For Kenyans, the election of a young black man with direct roots in Africa has a resonance that goes far beyond home-town pride.
Scott Baldauf/The Christian Science Monitor
For Mr. Odhiambo, an accountant who belongs to the same Luo tribe that Obama's father came from, the election of a Kenyan-American marks a turning point in the way he perceives the world.
"It is not only Luos, it is also Kenyans; it is not only Kenyans, but it is other Africans who are excited," says Odhiambo, standing on a street corner in Kibera. "The change that Obama talked about, we believed in it, and finally there was change. Democracy worked. I would urge other African leaders, like Mugabe, to learn from this change, to emulate Obama."
For Africans, the election of a young black man with direct roots in Africa has a resonance that goes far beyond home-town pride. The 2008 election showed that even a nation like the US – with its troubled history of slavery and its lingering attitudes on race – can elect a man who comes from a minority group, but who has promised to represent the nation as a whole.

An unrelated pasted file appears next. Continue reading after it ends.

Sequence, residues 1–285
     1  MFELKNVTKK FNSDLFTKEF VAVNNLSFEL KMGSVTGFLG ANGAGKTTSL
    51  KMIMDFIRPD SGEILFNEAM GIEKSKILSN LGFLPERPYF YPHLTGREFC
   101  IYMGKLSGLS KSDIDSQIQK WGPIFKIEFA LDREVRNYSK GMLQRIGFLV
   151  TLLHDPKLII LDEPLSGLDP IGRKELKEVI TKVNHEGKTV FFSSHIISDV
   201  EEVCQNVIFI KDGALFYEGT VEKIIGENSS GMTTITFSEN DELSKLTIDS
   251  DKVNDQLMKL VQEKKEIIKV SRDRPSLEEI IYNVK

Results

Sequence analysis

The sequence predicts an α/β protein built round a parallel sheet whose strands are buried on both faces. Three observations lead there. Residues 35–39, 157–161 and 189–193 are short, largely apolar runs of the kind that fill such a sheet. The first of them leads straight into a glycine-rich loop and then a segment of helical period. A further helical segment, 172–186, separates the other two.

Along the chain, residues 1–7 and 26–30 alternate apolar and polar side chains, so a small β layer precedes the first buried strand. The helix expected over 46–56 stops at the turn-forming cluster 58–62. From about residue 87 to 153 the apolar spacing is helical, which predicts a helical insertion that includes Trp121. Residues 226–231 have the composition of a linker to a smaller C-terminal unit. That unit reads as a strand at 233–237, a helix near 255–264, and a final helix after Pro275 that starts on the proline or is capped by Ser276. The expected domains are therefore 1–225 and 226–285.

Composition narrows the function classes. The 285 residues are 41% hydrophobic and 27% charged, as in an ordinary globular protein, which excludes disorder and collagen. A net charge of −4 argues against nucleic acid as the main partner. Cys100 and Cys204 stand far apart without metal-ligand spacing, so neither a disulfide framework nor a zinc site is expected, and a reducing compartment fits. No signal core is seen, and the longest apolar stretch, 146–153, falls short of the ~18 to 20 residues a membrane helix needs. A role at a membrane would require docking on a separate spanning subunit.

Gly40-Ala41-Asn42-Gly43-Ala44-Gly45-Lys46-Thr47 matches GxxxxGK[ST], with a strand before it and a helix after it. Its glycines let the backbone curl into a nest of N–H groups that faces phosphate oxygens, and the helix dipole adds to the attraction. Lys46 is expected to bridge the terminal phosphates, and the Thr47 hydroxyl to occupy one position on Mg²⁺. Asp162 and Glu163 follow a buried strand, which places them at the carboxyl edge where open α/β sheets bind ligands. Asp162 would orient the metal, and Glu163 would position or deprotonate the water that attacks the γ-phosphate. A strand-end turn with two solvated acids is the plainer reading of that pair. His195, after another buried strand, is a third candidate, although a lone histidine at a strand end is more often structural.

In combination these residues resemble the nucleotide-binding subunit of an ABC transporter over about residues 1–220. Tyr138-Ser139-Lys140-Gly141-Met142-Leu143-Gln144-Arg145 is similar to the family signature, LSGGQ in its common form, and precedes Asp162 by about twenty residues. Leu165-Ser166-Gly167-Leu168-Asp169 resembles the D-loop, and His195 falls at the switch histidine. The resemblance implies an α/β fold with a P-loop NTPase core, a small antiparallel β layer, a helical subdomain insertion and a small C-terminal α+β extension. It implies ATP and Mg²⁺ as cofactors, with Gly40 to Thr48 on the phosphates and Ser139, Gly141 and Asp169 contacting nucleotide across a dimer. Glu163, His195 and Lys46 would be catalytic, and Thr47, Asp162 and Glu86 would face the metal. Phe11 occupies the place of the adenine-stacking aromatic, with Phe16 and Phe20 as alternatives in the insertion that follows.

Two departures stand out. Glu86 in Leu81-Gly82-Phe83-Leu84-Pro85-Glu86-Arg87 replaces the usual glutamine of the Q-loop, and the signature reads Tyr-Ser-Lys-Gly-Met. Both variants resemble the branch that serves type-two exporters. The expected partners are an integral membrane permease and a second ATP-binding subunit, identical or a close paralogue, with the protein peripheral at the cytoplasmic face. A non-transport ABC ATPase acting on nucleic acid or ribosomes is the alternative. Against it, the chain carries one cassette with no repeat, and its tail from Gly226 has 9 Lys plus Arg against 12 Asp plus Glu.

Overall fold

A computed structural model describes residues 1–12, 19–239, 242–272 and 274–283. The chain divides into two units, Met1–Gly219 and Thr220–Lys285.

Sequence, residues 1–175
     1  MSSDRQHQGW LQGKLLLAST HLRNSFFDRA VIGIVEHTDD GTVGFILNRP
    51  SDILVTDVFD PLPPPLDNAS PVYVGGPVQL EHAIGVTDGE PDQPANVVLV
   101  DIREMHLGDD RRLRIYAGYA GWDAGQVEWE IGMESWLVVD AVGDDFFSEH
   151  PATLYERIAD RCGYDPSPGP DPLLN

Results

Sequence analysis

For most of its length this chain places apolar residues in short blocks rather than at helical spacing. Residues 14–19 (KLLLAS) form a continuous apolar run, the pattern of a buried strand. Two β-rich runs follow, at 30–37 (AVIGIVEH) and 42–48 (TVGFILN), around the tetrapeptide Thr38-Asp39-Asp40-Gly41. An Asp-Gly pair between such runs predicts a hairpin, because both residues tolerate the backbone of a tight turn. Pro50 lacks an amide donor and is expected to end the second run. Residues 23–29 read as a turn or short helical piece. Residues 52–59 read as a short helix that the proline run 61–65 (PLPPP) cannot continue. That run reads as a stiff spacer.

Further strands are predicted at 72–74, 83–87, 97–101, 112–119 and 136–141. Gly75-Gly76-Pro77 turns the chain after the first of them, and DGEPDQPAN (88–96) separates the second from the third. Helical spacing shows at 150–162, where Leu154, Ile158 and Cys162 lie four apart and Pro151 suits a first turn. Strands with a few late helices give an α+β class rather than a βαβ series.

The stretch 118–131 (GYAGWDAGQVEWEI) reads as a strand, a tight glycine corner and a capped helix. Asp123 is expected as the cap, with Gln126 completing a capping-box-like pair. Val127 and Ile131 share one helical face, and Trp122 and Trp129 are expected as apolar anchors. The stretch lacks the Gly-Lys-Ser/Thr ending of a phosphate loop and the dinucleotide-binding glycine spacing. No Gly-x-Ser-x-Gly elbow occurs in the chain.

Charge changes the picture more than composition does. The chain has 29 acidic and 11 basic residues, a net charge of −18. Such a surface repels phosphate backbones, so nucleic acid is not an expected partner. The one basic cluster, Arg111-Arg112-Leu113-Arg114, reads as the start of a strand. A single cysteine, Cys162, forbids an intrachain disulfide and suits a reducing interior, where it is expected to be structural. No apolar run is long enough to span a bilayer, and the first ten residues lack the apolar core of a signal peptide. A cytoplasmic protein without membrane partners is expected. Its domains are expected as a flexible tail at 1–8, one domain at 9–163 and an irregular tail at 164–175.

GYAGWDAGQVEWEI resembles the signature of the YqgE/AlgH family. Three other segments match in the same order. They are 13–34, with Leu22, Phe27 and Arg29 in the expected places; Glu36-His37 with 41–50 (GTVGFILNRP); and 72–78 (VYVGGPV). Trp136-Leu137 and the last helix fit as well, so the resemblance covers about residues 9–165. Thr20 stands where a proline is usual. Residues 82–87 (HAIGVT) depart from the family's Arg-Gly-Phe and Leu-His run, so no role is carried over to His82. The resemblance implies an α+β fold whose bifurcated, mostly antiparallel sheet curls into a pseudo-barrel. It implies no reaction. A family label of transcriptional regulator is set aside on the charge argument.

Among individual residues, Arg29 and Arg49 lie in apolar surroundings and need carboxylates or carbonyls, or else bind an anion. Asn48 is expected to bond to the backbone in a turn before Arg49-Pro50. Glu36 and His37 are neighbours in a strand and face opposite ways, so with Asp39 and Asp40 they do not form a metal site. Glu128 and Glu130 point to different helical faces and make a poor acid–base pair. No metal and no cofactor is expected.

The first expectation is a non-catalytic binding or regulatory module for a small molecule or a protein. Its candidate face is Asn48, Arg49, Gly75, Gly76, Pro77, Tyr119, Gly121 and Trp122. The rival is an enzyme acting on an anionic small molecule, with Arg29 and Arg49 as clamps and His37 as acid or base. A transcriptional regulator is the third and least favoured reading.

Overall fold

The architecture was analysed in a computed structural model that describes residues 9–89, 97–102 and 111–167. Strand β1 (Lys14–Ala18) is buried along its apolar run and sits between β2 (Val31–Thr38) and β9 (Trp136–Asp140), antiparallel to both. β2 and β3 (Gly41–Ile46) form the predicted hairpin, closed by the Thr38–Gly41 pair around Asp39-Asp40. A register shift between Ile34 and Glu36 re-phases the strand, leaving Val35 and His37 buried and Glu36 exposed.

On a continent like Africa, where people often vote under conditions of intimidation and violence, where leaders serve the interests of themselves and their own ethnic group, Obama's election is a brush-up lesson in what democracy is all about.
"Mr. Obama's leadership should act as a mirror to us and to our leaders," says Enock Aloo Nyagol, an attorney from Nairobi. "He puts to shame our leaders and their untoward ways."
Referring to the contentious Kenyan elections of 2008, where more than a 1,500 Kenyans were killed in postelection violence, the young attorney adds, "It is time for us to sit back and do a soul-searching on the way we conduct our public affairs."